April 2013 Newsletter

In This Issue:

Welcome to the PerformWell Newsletter

Outcomes Invite Collaboration
By Fawn Davies, Program Manager, Family Design Resources, Inc.


The Measuring Success Consortium (MSC), operating in South Central Pennsylvania, draws on the wisdom of commedienne Amy Poehler: “Other people and other people's ideas are often better than your own. Find a group of people who challenge and inspire you, spend a lot of time with them, and it will change your life.” Swap out life and insert program, and that captures the essence of this progressive, evolving, grassroots body whose greatest strength is convening volunteers with diverse skills and perspectives to address the challenges and opportunities of program measurement.


The idea for the MSC hatched when a few outcomes-minded folks recognized that they could overcome capacity issues and strengthen program measurement efforts through collaboration. Their vision and commitment was instrumental as the consortium formed, found a fiduciary home at Millersville University’s Nonprofit Resource Network, and garnered support from partners, including the Lancaster County Community Foundation and The Foundation for Enhancing Communities. Today the MSC, whose mission is to provide a collaborative community resource for measuring program impact, has a core group of participants actively consulting on various community projects primarily focused on youth engagement and empowerment.


One tenet of the MSC is that organizations should have some intrinsic motivation to evaluate or measure. They should seek to enhance their program’s potential rather than simply satisfy funders’ requirements. To promote the idea that collaboration around measurement makes sense, and to expose organizations to resources to aid in measurement, the MSC hosted a March 19th event in Elizabethtown, Pennsylvania with keynote speaker Mary Winkler from the Urban Institute. The event attracted 75 participants from 50 different organizations. Consortium members spoke about the philosophy and benefits of the consortium, and Mary Winkler highlighted the tools within the PerformWell Web site.


The most valuable session takeaways, as indicated by attendees on the program evaluation, were the resources shared by both organizations. This included the MSC’s Measurement 101 tool, which gets to the core of why, what and how to measure and integrates examples to enhance understanding. In turn, the MSC gained a better sense of what is needed to successfully connect with non-profits and what topics most interest them.


The MSC is modeling the practices it promotes. Consortium members have taken feedback from the event and are using it to understand how they can bring clarity to MSC’s purpose and scope. Their hope is that a year from now the MSC is more equipped to tackle the complexity of requests and needs of participating organizations. For more information about the MSC, visit the website at www.measuring-success.net.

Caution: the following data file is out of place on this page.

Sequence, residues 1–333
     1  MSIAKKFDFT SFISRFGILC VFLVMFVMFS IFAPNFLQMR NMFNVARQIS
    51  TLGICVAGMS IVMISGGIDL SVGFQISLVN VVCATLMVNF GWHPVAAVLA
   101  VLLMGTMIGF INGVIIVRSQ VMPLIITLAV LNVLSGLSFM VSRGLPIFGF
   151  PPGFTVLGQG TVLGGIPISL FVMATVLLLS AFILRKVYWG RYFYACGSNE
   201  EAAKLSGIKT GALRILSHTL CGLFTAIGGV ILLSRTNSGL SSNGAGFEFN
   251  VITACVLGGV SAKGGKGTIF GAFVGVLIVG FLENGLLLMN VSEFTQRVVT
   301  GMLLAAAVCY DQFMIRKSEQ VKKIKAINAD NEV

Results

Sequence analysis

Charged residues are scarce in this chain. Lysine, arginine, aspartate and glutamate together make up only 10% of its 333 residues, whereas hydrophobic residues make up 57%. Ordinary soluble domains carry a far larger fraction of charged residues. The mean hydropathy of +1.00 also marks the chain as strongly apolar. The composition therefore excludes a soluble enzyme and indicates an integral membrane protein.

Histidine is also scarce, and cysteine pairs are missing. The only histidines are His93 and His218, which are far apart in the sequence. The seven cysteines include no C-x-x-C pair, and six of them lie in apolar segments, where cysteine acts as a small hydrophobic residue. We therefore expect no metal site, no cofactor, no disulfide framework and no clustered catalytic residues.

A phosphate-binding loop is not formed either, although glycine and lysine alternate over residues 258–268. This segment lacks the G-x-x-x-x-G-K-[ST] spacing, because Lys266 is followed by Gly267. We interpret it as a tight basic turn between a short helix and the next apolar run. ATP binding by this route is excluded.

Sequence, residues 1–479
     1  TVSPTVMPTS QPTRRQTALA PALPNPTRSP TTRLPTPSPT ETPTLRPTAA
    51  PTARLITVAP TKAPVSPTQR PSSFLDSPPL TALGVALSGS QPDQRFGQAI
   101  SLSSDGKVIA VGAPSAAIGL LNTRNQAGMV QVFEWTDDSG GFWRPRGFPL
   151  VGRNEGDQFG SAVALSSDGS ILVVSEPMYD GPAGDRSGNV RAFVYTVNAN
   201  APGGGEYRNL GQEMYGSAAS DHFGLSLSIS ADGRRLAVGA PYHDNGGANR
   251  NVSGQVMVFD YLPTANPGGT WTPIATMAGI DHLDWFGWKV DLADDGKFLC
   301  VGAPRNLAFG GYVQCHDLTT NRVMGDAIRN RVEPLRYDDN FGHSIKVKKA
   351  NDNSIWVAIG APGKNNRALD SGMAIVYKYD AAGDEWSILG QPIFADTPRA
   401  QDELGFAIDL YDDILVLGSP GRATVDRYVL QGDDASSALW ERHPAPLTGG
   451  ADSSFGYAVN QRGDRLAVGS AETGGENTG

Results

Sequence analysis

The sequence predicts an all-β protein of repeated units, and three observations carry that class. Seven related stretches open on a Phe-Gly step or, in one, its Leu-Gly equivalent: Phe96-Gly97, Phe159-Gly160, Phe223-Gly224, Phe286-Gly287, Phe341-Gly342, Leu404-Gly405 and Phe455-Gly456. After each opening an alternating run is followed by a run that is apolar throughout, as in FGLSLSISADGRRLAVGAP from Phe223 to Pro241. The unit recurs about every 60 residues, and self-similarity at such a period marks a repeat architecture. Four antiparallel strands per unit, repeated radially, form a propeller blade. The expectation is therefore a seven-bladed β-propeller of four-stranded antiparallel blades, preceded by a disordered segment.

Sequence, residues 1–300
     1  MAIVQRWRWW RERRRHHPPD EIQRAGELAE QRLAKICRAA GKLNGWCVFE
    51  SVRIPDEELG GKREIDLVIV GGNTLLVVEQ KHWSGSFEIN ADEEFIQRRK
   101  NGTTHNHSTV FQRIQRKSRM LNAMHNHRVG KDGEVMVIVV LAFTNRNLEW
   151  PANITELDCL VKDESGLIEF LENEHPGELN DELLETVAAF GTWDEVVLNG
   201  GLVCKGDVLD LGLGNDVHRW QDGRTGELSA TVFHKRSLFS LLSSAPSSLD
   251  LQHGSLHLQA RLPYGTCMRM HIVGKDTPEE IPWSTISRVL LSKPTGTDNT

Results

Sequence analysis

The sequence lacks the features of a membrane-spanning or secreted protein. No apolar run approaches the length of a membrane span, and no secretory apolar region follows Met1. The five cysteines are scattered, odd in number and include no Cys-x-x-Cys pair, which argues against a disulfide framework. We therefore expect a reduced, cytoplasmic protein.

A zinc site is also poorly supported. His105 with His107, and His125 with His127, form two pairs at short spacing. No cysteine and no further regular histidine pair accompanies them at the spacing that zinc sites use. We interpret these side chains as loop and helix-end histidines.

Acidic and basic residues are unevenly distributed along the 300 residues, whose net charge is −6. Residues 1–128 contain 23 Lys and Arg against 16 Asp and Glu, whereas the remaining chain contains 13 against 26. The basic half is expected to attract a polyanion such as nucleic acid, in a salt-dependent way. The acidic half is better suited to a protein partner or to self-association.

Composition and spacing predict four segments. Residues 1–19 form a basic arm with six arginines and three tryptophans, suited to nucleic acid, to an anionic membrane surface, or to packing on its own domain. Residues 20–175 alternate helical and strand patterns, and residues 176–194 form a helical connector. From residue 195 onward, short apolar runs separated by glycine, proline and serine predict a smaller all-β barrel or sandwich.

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New & Noteworthy


Parenting: New Content and Webinar
We are happy to announce that a new content area will be coming to PerformWell in late June – Parenting Programs! A webinar on June 25 will mark the launch of these new outcomes, indicators, improving service delivery content, and tools. Don’t miss the opportunity to hear directly from the Urban Institute’s Saunji Fyffe, who led the development of the parenting content. Register here.


Performance Management Conference: Save the Date!
Join us in Washington, D.C. on December 3 & 4 for After the Leap: Building a Performance Management Culture, a PerformWell/Leap of Reason sponsored conference. Download your Outlook Reminder here.


Leap of Reason: Managing to Outcomes was called “a must-read for all nonprofit leaders” and PerformWell was lauded as “the most exciting new entrant to the measurement field in years.” Now, the people behind both have come together to host a conference highlighting the need for performance management, the funding required to build high-performing organizations and the courage it takes from non-profit and public sector leaders to transform their organizations. After the leap, let’s hit the ground running.



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Join us on June 25 for Improving Parenting Skills: New Tools in PerformWell, with the Urban Institute's Saunji Fyffe, who led the content development.


Since you last heard from us, we’ve had three great webinars to continue our performance management series:



Missed these or any of our other webinars, but still want to see them? You can always watch the archived events, free on the PerformWell site!


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The Toolbox


Spotlight: The Self-Sufficiency Matrix

The Self-Sufficiency Matrix is one of PerformWell’s most popular tools, having been downloaded through the PerformWell site nearly 1,250 times as of April 7.


In the 1980s, “self-sufficiency” was increasingly used as the goal of many programs and funding sources, but it was applied inconsistently for practical purposes. Recognizing the need for a common measure that improves upon the standard definition of poverty, Dr. Diana Pearce of the University of Washington developed a Self-Sufficiency Standard. This measure is based on the basic expenses a working family must have in order to meet their basic needs without public assistance, taking geographic location and household composition into account.